“Upon review and consideration of the motion, I find that a public testimony portion is not necessary given the complex and technical nature of the goal-setting proceeding. Additionally, the Legislature found that the Commission is the appropriate agency to adopt goals and approve plans without express directive to take public testimony,” wrote Commissioner Donald J. Polmann.
Eliseo Santana Jr. called that decision “un-American.” He’s a military veteran who lives in Clearwater and used to work for the Pinellas County Sheriff’s Office, and he’d hoped to speak at the proceedings.
“I’ve had to cut back on other things to pay for my high power bill. The last bill for my 1,100-square-foot home was over $300,” the retiree said. “I know someone who can’t even afford to use her air conditioning. The utilities should do more to help people save money on their bills by increasing their energy efficiency. A small investment in energy efficiency from utilities will have a huge impact on people’s bills. Saving energy also means the utilities don’t need to build more expensive power plants, which customers wind up paying for.”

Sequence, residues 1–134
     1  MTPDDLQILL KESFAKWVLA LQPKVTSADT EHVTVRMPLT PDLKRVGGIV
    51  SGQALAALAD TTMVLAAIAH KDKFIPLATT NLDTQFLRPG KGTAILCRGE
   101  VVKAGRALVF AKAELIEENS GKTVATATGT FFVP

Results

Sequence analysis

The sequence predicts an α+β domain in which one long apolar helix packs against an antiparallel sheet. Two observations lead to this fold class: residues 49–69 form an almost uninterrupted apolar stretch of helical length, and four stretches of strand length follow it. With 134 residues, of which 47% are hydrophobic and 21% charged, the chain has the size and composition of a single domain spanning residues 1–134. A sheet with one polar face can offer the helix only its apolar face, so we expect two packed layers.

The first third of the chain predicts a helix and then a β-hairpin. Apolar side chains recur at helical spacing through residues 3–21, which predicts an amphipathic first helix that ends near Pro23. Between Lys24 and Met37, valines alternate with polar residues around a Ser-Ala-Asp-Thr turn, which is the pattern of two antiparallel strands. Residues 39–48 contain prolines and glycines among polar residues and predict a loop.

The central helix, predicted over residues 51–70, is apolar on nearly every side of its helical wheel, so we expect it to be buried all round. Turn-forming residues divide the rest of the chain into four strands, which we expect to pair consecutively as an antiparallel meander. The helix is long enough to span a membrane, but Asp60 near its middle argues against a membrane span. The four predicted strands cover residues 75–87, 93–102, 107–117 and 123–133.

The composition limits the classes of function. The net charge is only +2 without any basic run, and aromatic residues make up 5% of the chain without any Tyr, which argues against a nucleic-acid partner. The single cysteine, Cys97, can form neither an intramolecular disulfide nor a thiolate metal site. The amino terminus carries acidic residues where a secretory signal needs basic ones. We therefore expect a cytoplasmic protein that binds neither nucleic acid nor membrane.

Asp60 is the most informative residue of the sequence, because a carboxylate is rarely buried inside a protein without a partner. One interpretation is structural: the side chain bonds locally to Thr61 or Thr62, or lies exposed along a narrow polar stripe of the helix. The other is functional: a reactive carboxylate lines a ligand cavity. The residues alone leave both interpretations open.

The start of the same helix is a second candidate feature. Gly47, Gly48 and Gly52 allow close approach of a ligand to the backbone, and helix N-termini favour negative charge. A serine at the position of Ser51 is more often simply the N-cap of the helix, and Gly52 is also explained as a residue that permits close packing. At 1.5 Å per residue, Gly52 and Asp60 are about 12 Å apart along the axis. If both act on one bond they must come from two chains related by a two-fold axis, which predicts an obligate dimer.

Many residents turned to the written word to get their messages to the PSC.
“There SHOULD be solar panels on every roof in Florida!” Jacksonville resident Janis Barns wrote. “Robust efficiency programs play a critical role to so many hard-working families in Florida that may not have the resources to upgrade their homes without the assistance of a utility program.”
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On top of potential cost savings for utility customers like Santana and Barns, raising energy efficiency goals would have a significant environmental impact, reducing climate change-causing greenhouse gas emissions.